The rise in cyber attacks shows we need to change the way we think about crime
You are now 20 times more likely to have your money stolen online by a criminal overseas than by a pickpocket or mugger in the street, according to recent figures from the Office for National Statistics. The figures, revealed that almost 6m fraud and cyber crimes were committed in the past year in England and Wales alone – making it now the most common type of crime experienced by adults in the UK.
It is the first time fraud questions have been added to the official Crime Survey for England and Wales – and while it has been known for a long time these figures would be significant, it is clear many people didn't realise just quite how significant they would actually be.
In fact, the release of the figures led to police chiefs calling for a national campaign against online fraud and other cyber crime on the scale of last century's seat-belt and drink driving campaigns.
At the moment, if you are a victim of a cyber crime, contacting Action Fraud – the UK's national fraud and cyber crime reporting centre – is the main way of logging it. The service is run by the City of London Police working alongside the National Fraud Intelligence Bureau who are responsible for assessment of the reports and to ensure that your fraud reports reach the right place. And yet, despite all this, within law enforcement and the cyber security industry we know cyber crime is still significantly under reported.
Back in 2013 I worked on research looking at how people report and measure cyber crime. It identified that the government, local authorities and police and crime commissioners would not allocate resources to tackle the problem until the true scale of cyber crime was known. Now three years on we have the evidence, we know the scale of the problem – and now we need to respond.
There is, however, a significant challenge in responding to cyber crime, which is a lack of specialist cyber skills – such as forensics, investigation, prevention and victim care. And due to this shortage, cyber security experts often command a premium salary. But while schemes such as "cyber-specials" engage these skills in the private sector to support the police service, it is not just the specialists we need to think about.
The average frontline police officer also needs to be able to think about the digital crime scene as well as, or instead of, the physical one. Being able to respond and investigate criminal cyber activity should no longer be the domain of police specialists – because, as the evidence shows, victims are more likely to suffer a cyber criminal act than any other form of crime.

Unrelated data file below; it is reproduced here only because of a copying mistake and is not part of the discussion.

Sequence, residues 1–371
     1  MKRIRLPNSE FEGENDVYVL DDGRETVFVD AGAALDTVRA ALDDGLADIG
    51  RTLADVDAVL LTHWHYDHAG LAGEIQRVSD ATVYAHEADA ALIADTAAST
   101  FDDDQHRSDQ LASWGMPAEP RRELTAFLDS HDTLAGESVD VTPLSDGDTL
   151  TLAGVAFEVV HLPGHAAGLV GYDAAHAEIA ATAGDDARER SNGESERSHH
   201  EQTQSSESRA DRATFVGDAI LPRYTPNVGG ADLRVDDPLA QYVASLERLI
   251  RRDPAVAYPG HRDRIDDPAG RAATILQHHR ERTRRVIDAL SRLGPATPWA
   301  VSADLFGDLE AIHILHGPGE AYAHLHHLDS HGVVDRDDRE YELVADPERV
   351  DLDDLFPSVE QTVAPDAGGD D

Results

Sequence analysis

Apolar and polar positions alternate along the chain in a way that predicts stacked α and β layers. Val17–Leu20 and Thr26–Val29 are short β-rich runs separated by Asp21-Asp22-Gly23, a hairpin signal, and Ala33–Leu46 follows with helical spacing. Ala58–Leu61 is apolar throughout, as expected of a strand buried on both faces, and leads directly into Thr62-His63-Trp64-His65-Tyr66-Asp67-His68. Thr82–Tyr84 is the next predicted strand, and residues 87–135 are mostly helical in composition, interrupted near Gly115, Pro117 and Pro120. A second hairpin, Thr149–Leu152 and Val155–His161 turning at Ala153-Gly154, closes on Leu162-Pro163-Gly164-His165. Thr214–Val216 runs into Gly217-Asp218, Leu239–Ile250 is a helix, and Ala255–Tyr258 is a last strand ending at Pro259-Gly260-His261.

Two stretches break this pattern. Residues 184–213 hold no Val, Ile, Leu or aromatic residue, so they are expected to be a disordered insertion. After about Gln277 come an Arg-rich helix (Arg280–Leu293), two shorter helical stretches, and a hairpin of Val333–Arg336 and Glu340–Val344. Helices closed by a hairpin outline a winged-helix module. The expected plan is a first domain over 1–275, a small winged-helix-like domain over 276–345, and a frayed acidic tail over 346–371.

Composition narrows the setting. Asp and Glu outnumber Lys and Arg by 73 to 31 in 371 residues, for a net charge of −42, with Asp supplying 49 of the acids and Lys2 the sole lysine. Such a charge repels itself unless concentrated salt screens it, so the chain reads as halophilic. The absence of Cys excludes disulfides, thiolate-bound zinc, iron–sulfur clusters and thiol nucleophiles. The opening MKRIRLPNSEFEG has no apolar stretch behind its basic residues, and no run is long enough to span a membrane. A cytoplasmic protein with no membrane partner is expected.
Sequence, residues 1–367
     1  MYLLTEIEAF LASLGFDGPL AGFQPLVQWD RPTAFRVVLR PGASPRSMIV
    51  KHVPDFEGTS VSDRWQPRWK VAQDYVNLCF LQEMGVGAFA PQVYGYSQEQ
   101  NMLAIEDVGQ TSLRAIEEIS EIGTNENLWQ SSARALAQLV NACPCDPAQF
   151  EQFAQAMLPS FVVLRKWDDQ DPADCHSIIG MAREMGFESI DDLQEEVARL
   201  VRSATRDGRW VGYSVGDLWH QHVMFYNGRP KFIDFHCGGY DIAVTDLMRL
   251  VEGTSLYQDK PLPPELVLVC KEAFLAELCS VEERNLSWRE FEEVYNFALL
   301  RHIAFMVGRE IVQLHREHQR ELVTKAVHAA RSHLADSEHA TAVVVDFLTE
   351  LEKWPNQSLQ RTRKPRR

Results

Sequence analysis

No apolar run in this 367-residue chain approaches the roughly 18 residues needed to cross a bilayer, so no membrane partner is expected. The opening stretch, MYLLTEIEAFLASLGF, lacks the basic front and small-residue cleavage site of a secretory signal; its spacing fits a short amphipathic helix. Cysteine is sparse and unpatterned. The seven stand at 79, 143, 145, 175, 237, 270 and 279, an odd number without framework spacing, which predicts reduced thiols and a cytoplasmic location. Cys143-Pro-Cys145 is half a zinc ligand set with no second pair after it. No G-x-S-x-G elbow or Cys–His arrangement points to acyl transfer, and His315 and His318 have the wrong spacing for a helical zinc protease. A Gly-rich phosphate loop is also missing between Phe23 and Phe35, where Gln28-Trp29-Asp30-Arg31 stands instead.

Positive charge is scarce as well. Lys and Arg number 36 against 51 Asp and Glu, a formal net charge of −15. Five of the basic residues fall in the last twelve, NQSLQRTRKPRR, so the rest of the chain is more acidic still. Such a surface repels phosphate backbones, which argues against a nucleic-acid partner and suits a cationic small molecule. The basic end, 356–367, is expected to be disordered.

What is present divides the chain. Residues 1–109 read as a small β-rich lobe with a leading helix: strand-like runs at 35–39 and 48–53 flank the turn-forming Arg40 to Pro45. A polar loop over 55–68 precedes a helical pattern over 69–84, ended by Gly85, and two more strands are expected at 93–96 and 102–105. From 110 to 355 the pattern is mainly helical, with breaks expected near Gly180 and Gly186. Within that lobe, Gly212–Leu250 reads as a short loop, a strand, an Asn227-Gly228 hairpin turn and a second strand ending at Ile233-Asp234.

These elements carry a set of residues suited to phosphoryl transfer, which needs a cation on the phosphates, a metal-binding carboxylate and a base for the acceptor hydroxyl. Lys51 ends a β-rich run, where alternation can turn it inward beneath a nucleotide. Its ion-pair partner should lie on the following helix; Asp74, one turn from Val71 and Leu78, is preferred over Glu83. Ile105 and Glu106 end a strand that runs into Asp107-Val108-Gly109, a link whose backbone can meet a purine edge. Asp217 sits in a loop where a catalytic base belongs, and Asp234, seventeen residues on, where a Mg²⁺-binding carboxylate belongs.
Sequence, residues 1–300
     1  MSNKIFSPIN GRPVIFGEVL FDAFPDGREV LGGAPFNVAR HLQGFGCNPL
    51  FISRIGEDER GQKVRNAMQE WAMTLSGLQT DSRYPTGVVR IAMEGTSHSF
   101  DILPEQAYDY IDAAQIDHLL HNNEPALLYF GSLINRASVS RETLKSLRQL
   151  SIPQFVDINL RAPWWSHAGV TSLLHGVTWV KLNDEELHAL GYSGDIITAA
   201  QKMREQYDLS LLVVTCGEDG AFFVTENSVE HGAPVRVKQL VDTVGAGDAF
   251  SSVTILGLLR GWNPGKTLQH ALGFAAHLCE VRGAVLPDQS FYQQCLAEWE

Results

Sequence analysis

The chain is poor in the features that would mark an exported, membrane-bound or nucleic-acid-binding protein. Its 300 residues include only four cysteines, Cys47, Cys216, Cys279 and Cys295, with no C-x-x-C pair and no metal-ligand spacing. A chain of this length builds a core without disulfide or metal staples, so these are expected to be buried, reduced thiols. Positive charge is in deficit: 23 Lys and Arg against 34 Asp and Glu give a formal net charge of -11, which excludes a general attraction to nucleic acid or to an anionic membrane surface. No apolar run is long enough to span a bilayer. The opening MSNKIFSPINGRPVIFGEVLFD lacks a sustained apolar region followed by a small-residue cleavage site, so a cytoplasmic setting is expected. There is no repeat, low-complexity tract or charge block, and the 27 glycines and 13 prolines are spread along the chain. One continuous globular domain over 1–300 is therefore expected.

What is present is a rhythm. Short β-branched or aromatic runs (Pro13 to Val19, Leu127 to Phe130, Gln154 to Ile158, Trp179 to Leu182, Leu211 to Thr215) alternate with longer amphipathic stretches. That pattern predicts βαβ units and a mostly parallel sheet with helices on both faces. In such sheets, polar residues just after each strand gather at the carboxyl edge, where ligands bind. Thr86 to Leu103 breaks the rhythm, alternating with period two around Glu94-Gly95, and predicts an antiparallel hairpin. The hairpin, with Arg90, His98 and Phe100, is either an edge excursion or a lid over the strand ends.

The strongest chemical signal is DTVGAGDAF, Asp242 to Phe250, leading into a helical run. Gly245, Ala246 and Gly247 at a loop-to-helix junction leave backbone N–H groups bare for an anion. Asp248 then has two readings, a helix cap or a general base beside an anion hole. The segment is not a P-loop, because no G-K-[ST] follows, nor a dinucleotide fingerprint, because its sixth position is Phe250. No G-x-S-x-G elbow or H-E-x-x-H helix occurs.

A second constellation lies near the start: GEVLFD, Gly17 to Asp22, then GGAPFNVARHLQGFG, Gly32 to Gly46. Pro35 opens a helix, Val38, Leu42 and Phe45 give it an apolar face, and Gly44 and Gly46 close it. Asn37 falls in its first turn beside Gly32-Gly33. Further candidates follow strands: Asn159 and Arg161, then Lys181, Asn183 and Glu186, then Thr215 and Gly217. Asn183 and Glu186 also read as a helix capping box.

Police and crime commissioners need to factor this into their plans, and specifically work with their law enforcement organisations to understand the local picture. This local understanding is important as there is less clarity on cyber criminality at a regional level – and it is this clarity that will drive local policy and resourcing decisions.
Beyond law enforcement, society must think about the role of the private sector and their duty of care. Everyone online is sitting on an internet service provider's network, which effectively owns the digital land upon which we have set up our digital lives. In the physical world, landlords renting a property have a duty of care to the safety of their tenants, so surely it makes sense for our digital landlords to be held to the same standards.
Perhaps this is a market issue, and market forces will drive customers to think twice and consider things like cyber security when choosing their provider, rather than just costs and internet speed. However, this won't happen until the companies in charge of this digital landscape provide more transparency on the level of attacks their customers experience – which current legislation does not require. But this situation cannot continue, and examples such as the Talk Talk hack demonstrate customers can and will move to companies that can protect them.
To respond effectively we need to look at the data gathered on the nature of these crimes – to understand how cyber crimes occur, and who is most at risk. In the long run, this will make it easier for law enforcement to work out how to tackle these cases.
But this must be done in a sensible and measured way, as the situation is likely to appear to get worse before it gets better as people become more aware of what these crimes are and how to report them. Similarly organisations, such as the ONS and the City of London Police, will get better at recording cyber crime – causing the figures to go up again. For now though, these new figures make it clear that cyber crime must become a significant priority for the police and crime commissioners up and down the country.